"Improvements have appeared in recent years, and while they are welcomed, there remains too large an amount of unacceptable and intolerant material" in Saudi textbooks, said IMPACT-se CEO Marcus Sheff.
    "Anti-Jewish hatred is still widespread.... One is left wondering why, if considerable change can be made to gender issues, a similar effort could not be made to remove anti-Jewish hate."

News Resources - North America, Europe, and Asia:
  • UN Rights Office Issues List of Companies It Says Have Ties to Jewish Communities in West Bank - Stephanie Nebehay
    The UN High Commissioner for Human Rights, Michelle Bachelet, issued a report on Wednesday on companies it said have business ties to Jewish communities in the West Bank. It identified 112 business entities - 94 in Israel and 18 from six other countries including the U.S., Britain and France. Bachelet's spokesman, Rupert Colville, said it was "not a blacklist, nor does it qualify any companies' activities as illegal."  (Reuters)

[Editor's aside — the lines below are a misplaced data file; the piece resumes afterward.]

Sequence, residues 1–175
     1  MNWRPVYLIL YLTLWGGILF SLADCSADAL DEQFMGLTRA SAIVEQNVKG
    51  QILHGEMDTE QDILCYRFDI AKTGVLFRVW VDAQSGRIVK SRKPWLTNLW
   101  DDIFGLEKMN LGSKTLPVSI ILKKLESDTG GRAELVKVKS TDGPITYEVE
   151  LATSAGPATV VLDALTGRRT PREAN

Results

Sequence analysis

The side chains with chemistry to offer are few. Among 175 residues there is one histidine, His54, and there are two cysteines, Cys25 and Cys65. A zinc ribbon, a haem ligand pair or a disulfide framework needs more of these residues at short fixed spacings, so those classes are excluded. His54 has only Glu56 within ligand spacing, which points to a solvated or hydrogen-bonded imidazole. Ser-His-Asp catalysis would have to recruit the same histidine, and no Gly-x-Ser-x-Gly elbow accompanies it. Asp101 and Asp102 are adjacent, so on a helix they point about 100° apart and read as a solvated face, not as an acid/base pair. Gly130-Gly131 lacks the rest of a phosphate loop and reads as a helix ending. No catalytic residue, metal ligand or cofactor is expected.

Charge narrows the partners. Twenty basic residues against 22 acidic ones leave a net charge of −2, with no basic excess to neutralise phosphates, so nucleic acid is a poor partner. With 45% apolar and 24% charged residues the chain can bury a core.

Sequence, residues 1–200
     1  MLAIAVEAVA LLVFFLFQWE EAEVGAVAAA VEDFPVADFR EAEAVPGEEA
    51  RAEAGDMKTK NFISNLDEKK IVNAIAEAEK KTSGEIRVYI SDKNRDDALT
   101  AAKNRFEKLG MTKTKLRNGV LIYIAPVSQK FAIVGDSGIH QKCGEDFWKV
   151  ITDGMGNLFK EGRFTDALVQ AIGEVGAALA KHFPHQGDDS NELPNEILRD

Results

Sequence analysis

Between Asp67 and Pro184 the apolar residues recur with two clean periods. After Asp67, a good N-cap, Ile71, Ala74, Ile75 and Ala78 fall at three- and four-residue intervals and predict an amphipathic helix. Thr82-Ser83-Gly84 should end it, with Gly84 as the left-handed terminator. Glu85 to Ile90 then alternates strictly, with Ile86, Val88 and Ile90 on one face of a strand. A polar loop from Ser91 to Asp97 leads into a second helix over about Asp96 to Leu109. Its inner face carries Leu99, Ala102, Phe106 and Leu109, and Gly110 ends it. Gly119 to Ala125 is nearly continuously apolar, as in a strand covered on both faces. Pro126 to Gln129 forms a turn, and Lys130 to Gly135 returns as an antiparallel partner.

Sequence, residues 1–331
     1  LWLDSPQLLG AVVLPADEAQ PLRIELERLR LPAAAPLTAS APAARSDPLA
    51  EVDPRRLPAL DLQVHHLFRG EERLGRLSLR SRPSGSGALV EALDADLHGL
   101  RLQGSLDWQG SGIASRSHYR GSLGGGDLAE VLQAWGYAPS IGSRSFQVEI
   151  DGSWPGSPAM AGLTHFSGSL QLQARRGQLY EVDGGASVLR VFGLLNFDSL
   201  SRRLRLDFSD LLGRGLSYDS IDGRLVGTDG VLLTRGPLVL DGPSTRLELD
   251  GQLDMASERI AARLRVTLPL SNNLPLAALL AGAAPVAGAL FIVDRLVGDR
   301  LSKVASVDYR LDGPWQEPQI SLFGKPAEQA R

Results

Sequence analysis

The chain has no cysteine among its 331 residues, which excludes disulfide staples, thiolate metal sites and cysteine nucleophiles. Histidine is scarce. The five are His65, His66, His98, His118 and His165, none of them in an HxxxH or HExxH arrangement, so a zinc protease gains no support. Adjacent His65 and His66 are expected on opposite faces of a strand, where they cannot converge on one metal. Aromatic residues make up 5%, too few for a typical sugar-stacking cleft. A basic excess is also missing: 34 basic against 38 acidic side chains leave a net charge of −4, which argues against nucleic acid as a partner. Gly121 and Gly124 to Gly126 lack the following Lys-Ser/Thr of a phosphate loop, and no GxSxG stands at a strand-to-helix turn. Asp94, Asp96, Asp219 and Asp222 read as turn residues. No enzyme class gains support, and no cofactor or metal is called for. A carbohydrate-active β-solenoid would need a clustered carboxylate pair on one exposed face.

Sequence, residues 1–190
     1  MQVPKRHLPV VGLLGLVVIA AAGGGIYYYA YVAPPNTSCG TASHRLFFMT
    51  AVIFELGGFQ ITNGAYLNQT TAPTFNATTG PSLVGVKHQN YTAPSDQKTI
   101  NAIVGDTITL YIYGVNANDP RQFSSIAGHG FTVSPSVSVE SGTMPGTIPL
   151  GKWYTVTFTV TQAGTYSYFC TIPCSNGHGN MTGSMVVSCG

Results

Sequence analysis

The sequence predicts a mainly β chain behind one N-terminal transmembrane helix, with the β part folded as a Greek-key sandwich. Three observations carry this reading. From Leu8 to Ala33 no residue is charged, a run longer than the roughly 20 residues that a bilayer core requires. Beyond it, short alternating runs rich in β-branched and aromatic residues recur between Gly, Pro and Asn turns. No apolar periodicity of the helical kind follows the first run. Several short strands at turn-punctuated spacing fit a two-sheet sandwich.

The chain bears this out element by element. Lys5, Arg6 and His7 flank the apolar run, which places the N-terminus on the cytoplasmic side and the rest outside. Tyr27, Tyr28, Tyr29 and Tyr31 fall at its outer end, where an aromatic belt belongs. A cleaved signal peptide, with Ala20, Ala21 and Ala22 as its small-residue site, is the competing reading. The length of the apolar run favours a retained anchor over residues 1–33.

See also Database of Business Enterprises Involved with Israeli Settlements
    Non-Israeli firms on the UN list include Airbnb, Booking.com, Expedia Group, TripAdvisor, General Mills, and Motorola Solutions. (UN High Commissioner for Human Rights)
        See also Israel Condemns UN Rights Council "Blacklist"
    Israeli Foreign Minister Israel Katz said Wednesday: "The UNHRC Commissioner's announcement regarding the publication of a "blacklist" of companies represents the ultimate surrender to pressure exerted by countries and organizations interested in harming Israel. This announcement was made despite knowing that the majority of countries around the world declined to join this political pressure campaign."
        "The Commissioner's decision to continue to pursue an anti-Israel stance at the UN Human Rights Council is a stain on the office of the UN Commissioner and on human rights itself....Since its establishment, the Council has not taken a single meaningful step towards the preservation of human rights, but has rather served to protect some of the most discriminatory regimes in the world."  (Israel Ministry of Foreign Affairs)
  • Senators Condemn UN "Blacklisting" of U.S. Companies Operating in Israeli West Bank Communities - Laura Kelly
    Sen. Jim Risch (R-Idaho), chairman of the Senate Foreign Relations Committee, and the panel's ranking member, Sen. Bob Menendez (D-N.J.), on Wednesday slammed a report by a UN human rights body for blacklisting U.S. companies that operate in the Israeli-controlled parts of the West Bank.